We'd built an amazing team over that 12 months, a team that weren't the type of people to give up easily. Yet we also knew that blind perseverance would be an ignorant way forward. Not ready to turn our backs on the social enterprise space, we took stock and started white-boarding all of the lessons we'd learnt so far.

  1. Genuine Impact vs Ticking the Box
    Unfortunately, genuine social impact is not a priority for most corporates. Putting it plain and simple, the majority of corporates won't invest more than the bare minimum to tick the CSR box. Now there are fantastic organisations doing amazing things out there, but from our experience, this was more the exception than the norm.

    So what was our takeaway? If the corporate market wasn't right, and we felt Government wouldn't be either, we should look at what opportunities exist in the consumer space.
  2. People genuinely want to do good (but it's not their top priority)
    We started speaking to everyday consumers. Once they opened up, you could tell that deep down people wanted to do good, but were too time poor. Asking people to donate often meant they would have to revise their budgets (which took time) and obviously costs them money. Asking people to volunteer would see them torn between family duties and civic duties. Family would usually win out.

    So we realised if we wanted to help people do good, we shouldn't be asking them to do something additional. We needed to somehow embed good in to their existing everyday lives, without them having to do anything new or additional. So we mapped out the 24 hour clock of what people do from the moment their alarm goes off in the morning, to the moment they fall asleep at night. It quickly became obvious, that throughout the entire course of the day people consume and they buy things. And they do it a lot. Which led us to the problem, how can we make consumerism, good?
  3. A single cause focus
    While most people loved the idea that the Purposed platform would connect them with leading organisations underpinning the cause they were most passionate about, this also presented a problem. To secure investment, most funders in the impact space want to support initiatives focused on a single cause. Their cause. And while they saw merit in the breadth Purposed would offer, they felt that funding such an initiative would potentially redirect the impact of their funding from the cause they were passionate about (e.g. developing countries) and to the others we were supporting (e.g. terminal illness, environment, community etc).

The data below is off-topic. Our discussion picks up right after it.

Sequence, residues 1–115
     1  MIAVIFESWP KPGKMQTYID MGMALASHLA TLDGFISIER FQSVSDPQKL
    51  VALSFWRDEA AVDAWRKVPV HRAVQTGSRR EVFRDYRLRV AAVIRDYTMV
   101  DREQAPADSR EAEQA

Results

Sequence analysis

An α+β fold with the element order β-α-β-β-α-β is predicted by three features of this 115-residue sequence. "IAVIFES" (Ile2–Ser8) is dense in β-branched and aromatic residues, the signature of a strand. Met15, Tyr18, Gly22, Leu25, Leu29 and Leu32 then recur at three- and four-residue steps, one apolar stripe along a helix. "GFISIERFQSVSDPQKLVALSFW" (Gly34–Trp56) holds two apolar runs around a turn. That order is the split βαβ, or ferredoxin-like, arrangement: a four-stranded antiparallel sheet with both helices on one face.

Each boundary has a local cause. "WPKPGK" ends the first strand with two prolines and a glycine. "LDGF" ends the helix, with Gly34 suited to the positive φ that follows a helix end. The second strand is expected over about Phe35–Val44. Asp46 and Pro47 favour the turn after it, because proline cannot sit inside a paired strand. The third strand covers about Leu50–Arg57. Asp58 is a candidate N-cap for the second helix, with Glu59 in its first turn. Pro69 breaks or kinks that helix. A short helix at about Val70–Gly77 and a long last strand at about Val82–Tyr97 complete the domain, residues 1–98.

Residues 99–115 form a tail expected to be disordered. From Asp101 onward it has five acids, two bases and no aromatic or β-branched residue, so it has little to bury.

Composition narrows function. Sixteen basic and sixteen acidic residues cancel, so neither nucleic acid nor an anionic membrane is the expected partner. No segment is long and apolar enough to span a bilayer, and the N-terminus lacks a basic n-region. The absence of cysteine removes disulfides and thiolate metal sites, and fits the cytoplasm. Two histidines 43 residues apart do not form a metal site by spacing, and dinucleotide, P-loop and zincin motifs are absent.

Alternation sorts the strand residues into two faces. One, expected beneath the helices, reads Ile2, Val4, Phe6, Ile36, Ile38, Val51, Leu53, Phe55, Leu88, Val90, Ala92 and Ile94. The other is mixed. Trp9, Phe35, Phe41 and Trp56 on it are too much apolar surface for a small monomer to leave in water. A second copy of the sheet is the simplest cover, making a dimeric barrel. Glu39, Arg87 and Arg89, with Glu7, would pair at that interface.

The learning... We needed a single focus. So we asked ourselves - what cause had gained mainstream awareness and concern, that the majority of Australian consumers would rally behind? The answer - Climate Change.
  4. Is it a good idea people will buy and use, or simply a good idea?
    We thought we'd validated Purposed, but as I shared above, most of this was superficial. So we needed to step up our validation efforts to understand if our new idea was a good idea people would buy and use.

Armed with these learnings, we feverishly brainstormed, tested, validated and tweaked a new direction, then conducted deep market research to refine it all again. This is what saw us land on our new direction.

A New Direction - The Green Wallet

Climate change is the number one issue facing all 7.7 billion of us. However it feels like it is such a big, complex problem that none of us feel we can do anything about it, or know where to start.

However what most people don't know is that we can actually stop global warming if we all get our carbon footprint down to 2 tonnes pa. The problem is, the avg Australian footprint is 15 tonnes.

And that's why we're creating the Green Wallet - a consumer facing app that helps turn everything you buy green, to get your carbon footprint closer to zero and stop global warming.

Our proof of concept is now complete, along with a research backed theory of change and deep expert and consumer validation. We are currently in the process of finalising the necessary partnerships with green providers to underpin the offering.

Consumerism is what caused the climate crisis, so we have re-imagined it away from a source of negative impact, but as a force for good, to solve the most pressing problem of our time.

If you have any questions around the Green Wallet, or would like to be involved in bringing it to life, feel free to email info@greenwallet.com.au

A big thank you to you, and the Purposed team

While the Purposed adventure has now come to an end, a new adventure is just beginning.

I want to sincerely thank those who have helped support us to date. Imagining new approaches to solving well ingrained problems isn't an easy task, and your support has been invaluable.

I want to especially acknowledge Katherine Jude, Chris Cousins, Leigh Matthews, Mihir Rughani, Emma Hunt and Anna Jumppanen. A high calibre, purpose driven group who were instrumental in the Purposed journey.

Tom Ferrier